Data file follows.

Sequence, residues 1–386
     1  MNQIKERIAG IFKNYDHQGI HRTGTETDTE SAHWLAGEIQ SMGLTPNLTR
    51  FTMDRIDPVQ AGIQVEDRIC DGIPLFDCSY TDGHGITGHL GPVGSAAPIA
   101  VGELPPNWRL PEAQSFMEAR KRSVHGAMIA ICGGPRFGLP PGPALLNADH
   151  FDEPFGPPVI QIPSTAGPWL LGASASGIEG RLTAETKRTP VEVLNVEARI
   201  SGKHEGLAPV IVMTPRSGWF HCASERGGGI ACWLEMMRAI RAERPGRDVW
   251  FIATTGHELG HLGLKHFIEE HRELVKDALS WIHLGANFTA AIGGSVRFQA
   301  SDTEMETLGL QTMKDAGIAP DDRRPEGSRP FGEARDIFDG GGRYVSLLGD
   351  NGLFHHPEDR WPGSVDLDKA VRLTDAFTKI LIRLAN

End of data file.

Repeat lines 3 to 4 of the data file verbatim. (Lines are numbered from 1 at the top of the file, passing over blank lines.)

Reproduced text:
    51  FTMDRIDPVQ AGIQVEDRIC DGIPLFDCSY TDGHGITGHL GPVGSAAPIA
   101  VGELPPNWRL PEAQSFMEAR KRSVHGAMIA ICGGPRFGLP PGPALLNADH